The Great Ocean Road

We woke early and excitable on our second morning in Melbourne, for our pick-up. We were going on an adventure along the Great Ocean Road.


Our lovely tour guide from Bunyip Tours drove us to the furthest point of the route, whilst we napped in the car, so that we would beat the coach loads of tourists and not get stuck behind them on route. Something to look out for when booking your own tour.

After a pitstop for coffee and fruit toast, we arrived at the magnificent 12 Apostles.



The 12 Apostles are beautiful limestone stack formations, created by erosion of the sandstone cliffs along the retreating coastline. They’re formed from a mixture of sand and sea-shells, deposited in an ancient seabed, and compressed around twenty million years ago.

Why the stacks became known as the 12 Apostles is a bit of a mystery, as there have only ever been ten. Sadly they are eroding all the time, and only 7 remain today in this spot. Dotted around the coastline however, there are 25 limestone stacks, and five new ones have recently been discovered underwater.

I could have looked at them for hours, taking in the detail of the layers and feeling awe-struck and insignificant – in the best way. This is the beauty of seeing wild nature like this. It gives you a huge dose of healthy perspective on life, which I think does wonders for any lingering anxieties in the back of your mind.




Frothy white water forms on the surface, long before it reaches the shoreline.



The cliffs go on for miles. The view from this lookout is incredible.



Human life is just a blip in the history of our planet, and yet we’re causing irreparable damage through global warming. That’s not to say that the coastline here is only eroding because of global warming, but as sea-levels rise, it is speeding up the rate.

These stacks have been here long before humans, and will be here long after we’re gone. What a privilege it is to see them.



Spot the people…



Can you see them?




After taking as many pictures as we could, we got back in the car and headed to our next stop, Lock Ard Gorge.



The gorge is named after the ship Loch Ard which sunk on June 1st, 1878 as it was close to reaching it’s destination of Melbourne, at the end of a three month journey from England. Of the fiftyfour people on board, there were sadly only two survivors: Tom Pearce, a nineteen year old apprentice, and Eva Carmichael, eighteen, who was traveling with her family to emigrate to Melbourne.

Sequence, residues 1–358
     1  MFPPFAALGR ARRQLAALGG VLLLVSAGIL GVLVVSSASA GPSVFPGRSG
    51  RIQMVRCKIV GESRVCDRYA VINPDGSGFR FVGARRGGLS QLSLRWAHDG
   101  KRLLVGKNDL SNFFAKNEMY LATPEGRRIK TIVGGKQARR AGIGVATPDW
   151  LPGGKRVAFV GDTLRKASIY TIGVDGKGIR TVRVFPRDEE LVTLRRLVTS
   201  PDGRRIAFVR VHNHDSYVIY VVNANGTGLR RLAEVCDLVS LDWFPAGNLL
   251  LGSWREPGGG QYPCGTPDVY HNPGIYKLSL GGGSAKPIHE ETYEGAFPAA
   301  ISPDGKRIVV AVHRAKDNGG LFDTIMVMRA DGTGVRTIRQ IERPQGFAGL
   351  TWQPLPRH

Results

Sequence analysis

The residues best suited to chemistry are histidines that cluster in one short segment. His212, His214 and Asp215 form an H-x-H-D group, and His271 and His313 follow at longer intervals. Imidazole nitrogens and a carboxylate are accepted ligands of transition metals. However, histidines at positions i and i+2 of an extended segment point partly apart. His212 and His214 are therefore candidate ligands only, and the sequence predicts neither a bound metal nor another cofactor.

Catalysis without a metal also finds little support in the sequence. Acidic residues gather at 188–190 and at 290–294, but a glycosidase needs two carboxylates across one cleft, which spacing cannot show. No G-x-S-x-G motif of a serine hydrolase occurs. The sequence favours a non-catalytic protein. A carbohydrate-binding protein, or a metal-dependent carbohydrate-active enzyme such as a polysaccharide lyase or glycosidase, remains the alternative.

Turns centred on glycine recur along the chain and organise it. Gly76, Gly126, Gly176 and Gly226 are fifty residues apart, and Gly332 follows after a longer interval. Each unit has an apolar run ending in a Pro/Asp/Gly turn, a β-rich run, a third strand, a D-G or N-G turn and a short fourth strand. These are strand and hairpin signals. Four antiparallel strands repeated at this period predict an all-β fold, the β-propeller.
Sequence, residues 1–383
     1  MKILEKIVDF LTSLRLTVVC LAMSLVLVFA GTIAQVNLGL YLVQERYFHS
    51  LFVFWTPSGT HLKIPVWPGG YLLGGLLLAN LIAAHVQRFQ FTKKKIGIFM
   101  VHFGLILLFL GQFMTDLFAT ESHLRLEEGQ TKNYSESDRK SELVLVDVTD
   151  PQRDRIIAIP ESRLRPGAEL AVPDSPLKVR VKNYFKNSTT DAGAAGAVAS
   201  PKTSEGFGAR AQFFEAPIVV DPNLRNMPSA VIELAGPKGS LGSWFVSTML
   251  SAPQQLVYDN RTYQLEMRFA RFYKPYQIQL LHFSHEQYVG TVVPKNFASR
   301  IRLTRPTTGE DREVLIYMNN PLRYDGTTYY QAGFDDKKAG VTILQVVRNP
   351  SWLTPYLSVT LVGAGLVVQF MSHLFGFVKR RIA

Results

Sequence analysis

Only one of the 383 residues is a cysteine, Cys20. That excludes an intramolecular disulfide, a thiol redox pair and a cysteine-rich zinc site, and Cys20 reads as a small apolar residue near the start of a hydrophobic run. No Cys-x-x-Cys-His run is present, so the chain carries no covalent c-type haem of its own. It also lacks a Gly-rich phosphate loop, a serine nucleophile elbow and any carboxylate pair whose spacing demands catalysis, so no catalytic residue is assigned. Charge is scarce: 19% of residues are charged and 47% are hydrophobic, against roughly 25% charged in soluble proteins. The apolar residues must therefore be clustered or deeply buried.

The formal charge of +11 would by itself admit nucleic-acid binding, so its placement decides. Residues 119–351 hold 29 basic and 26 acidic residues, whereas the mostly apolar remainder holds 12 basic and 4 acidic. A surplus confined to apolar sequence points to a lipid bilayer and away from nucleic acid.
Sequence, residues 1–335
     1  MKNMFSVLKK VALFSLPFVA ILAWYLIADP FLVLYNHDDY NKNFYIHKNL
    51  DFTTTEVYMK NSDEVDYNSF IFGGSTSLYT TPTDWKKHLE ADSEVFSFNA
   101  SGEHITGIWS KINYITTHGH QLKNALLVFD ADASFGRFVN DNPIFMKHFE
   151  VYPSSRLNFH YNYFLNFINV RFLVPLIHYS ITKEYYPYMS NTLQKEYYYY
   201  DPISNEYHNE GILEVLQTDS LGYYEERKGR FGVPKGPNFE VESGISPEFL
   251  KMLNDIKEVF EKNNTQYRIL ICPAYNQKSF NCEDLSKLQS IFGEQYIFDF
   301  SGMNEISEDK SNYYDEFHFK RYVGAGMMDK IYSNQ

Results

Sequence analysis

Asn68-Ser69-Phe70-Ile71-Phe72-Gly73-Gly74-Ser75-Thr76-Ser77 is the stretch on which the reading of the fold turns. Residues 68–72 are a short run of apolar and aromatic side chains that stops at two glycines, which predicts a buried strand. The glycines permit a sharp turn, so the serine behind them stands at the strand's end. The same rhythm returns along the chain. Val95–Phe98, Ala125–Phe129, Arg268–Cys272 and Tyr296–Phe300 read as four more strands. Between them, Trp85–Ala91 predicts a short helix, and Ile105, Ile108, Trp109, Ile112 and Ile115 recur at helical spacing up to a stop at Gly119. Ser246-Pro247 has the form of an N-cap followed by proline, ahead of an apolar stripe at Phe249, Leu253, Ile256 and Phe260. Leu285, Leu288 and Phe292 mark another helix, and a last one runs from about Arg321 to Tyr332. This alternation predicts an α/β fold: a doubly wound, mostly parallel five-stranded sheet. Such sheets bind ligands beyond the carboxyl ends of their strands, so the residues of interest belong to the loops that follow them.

Tom drifted under an upturned lifeboat for hours, and was eventually washed up in the gorge. He heard Eva crying out from the water and managed to rescue her. He was somehow able to scale the cliffs surrounding the gorge, and find help from locals who managed to rescue Eva. The two teenagers stayed in Melbourne for three months after the shipwreck. Hailed by the locals as a hero, Tom proposed to marry the orphaned Eva. She turned down his proposal, knowing first-hand from the death of her family, that the life of a sailor is a precarious one. She returned to England, and eventually her home of Ireland, where she married and spent the rest of her life. Tom lived out the rest of his days in England, and is buried in Southampton.


Tom Eva Loch Ard


The ferocity of the waves at Loch Ard Gorge is quite terrifying. The largest I’ve ever seen for sure.



It’s easy to imagine a shipwreck here, but how there were any survivors is a miracle.



I couldn’t believe this guy was swimming.



Shortly after this was taken, we saw a lady get completely taken out by a huge wave as she stood on the beach, fully clothed, taking a picture. The swell knocked her off her feet, and dragged her into the water a good 15 feet or so before she was rescued.  Her handbag was not so lucky. I felt really bad as I saw the wave coming and said to Marc, she’s about to be taken out, but was too far away to shout to her.

After lunch, our next stop was the Melba Gully rainforest in the Great Otway National Park. We had a twenty minute stroll through this little pocket of rainforest to see the ancient Tree Ferns and stretch our legs.

We carried on our journey to Split Point Lighthouse.

Does it look familiar?


Have you ever… ever felt like this?



Have strange things happened? Are you going round the twist?


We couldn’t miss the Great Ocean Road Memorial Arch.



The Great Ocean Road is approximately 243 kms long, and is the world’s largest war memorial. It was built between world war 1 and world war 2 by returned servicemen, in honour of their fallen comrades, and took sixteen years to build.

Our last stop was unscheduled. Our tour guide got a call from a friend at a nearby golf club, who said the green was being invaded.


We arrived just in time to see a mob of Kangaroos hopping across the green and I only managed to take this grainy picture on my phone through the fence.


We caught these little guys though…



We wound our way through the beautiful surf towns of Anglesea and Lorne, before arriving back in Melbourne at sunset, exhausted after a jam-packed day of adventure along the Great Ocean Road.

Bunyip Tours were fantastic, and our tour guide truly brought each destination to life through his stories. I highly recommend the 1 day classic Great ocean Road and Twelve Apostles tour.

Full disclosure, I received a small discount as I was working with a partner of Bunyip Tours during my visit to Victoria. I’m under no obligation to review the tour, I just wanted to shout about it as we thoroughly enjoyed the day.





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